April 3, 2020

Dear Friends,

I am writing to you on behalf of Osu Children’s Library Fund volunteers in Canada and our librarians in Ghana to update you on the effect of COVID-19 upon our libraries.

This pandemic is a world event and collectively countries are weeping for those in its path. Ghana’s first infected case was reported on March 13, and now there are 204 cases with five dead. I fear the numbers will mount quickly from here. Hospitals with well-equipped ICU beds are not readily available for those who might need them.  In a system where there is no free health care the crisis looms deep. It is difficult to fathom the potential crisis.

On March 27, the President of Ghana announced a lockdown of two major regions including the capital, Accra. This measure is intended to help control the virus spread, but it is having catastrophic consequences for the multitudes who work from hand-to-mouth. No work means no money to buy food, and even at that the food prices have almost doubled since the virus arrived. Theophilus Tsedi, OCLF’s painter since 1992, phoned me on Tuesday to say that to buy  a little sugar to prepare rice water for his children was difficult.

OCLF is doing its best to ensure that our faithful library workers are receiving their government pay. It isn’t easy. Some government offices are closed now because of the lockdown, and these are the same places where salaries are disbursed. The Human Resource Head of the Accra Metropolitan Assembly told me today that they are working despite the situation to prepare February salaries. Many librarians are still waiting for January’s salary to arrive.

On Monday, I asked our librarians to share their messages to you so that this letter reflected their voices, too.

Martin Legend, the Nima Centre’s Theatre Director, wrote, “I receive messages and calls from theatre members who want to know when we are resuming. I am as eager to start as they are. We can only pray and hope that we will wake up one day to meet the most exciting news that we are free and safe to go back and pursue our dreams and aspirations. May God heal the world and His people.”

Sharon Gyan-Opoku, the Mamprobi head librarian, wrote, “Everyone is afraid of what is happening now. We are also practicing safety measures seriously to help ourselves and our country to stop the cases from increasing every day. We all have to stay safe in these difficult times.”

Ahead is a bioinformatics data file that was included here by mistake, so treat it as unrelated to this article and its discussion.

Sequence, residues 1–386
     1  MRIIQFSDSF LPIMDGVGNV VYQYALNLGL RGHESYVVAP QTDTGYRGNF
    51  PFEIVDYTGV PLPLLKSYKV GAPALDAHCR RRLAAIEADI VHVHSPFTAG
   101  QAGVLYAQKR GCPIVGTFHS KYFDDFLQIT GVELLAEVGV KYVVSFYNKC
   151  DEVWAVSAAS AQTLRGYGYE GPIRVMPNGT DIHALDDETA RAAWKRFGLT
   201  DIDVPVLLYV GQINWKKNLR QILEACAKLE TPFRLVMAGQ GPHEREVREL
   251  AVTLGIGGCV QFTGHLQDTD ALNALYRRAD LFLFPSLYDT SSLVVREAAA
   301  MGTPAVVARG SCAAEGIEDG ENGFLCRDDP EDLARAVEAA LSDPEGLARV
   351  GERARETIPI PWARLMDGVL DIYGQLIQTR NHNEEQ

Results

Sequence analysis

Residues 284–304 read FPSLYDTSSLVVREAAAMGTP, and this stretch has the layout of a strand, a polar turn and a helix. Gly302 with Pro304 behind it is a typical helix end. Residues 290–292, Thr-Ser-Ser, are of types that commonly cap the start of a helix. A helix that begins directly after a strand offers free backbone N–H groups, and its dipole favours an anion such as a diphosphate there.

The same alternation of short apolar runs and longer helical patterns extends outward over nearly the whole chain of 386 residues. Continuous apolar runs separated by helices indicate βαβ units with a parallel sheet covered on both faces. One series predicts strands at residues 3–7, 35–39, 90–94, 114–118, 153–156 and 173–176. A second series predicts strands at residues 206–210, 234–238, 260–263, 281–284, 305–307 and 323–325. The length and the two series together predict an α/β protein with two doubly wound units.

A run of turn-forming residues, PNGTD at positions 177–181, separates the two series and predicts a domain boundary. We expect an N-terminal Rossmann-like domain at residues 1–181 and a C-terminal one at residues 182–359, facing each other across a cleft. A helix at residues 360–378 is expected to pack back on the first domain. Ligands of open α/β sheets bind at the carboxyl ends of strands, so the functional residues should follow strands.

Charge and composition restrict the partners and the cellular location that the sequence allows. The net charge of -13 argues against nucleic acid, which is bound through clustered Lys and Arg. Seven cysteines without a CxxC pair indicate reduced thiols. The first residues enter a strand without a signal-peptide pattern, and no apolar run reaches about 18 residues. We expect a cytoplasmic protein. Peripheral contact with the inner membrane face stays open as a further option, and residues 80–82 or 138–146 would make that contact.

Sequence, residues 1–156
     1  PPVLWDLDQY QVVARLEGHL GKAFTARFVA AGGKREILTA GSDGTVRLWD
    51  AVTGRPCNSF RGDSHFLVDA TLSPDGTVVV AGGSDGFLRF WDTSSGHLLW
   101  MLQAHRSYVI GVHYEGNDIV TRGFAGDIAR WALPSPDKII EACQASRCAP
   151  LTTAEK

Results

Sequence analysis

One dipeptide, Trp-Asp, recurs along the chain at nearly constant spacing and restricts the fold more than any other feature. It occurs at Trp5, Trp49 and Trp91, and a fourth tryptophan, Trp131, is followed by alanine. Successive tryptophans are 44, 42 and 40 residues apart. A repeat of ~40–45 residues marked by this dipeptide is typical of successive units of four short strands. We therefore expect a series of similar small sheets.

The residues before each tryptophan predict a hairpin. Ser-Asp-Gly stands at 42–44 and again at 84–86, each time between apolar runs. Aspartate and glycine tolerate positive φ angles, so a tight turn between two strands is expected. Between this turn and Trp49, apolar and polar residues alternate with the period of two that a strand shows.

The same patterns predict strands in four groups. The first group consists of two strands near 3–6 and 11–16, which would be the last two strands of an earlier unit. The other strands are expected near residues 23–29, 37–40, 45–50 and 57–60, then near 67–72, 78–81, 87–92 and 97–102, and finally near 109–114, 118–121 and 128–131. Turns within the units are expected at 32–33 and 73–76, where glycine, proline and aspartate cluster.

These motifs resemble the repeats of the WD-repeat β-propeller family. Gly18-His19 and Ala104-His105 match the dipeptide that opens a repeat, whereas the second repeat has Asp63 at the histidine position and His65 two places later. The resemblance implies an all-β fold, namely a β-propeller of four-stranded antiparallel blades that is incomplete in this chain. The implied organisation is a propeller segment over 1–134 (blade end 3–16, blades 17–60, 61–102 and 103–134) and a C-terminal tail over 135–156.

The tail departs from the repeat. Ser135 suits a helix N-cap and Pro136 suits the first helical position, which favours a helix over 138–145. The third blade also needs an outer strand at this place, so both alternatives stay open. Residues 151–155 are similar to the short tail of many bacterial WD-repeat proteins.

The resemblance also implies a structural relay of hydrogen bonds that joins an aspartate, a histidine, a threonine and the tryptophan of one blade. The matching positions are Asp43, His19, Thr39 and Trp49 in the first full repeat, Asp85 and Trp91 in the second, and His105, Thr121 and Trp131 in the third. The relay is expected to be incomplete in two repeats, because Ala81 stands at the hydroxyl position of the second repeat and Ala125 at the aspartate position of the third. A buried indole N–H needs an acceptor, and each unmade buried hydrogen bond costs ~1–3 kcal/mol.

Irene Togobo, a librarian at Korle Gonno, wrote,”I think of all the hope the library brings. Now what will the children do in this season? This is when they need the support the most.”

Joana Felih, OCLF’s first librarian, wrote, “Our thoughts and prayers are with you during this trying time. Please stay safe, and we hope this situation will come to an end soon.”

The Government of Ghana closed all libraries and schools three weeks ago.  We are still making sure that our libraries are being looked after by caretakers.

Despite the endless grief that one hears and reads, here is a little cheerful story that spans three continents and a full year.

Last April, I found a German-made stuffed bunny washed up on the shore, not too far from where I stay in Accra. I spent several hours emptying sand from its inside, washing it, and then carefully stitching it together.

During my November visit, I told the children at one library about ‘Bunny.’ Afterwards they wrote to Brauns-Heitmann, the company that made Bunny along with its general household products and food and Easter egg dyes. The children asked those working at Brauns-Heitmann how Bunny could have possibly travelled all the way from Germany to Ghana by sea. I mailed their letters in late December.

Last month, we received a reply from the company with a possible explanation in an illustrated story format, partially inspired by the children’s ideas. Only today, I received an email saying that DHL will be delivering 20 new stuffed bunnies to my Winnipeg address. I will deliver these gifts to the young letter writers when I return to Ghana, a date that remains uncertain given these unknown times.

Yours sincerely,

Kathy Knowles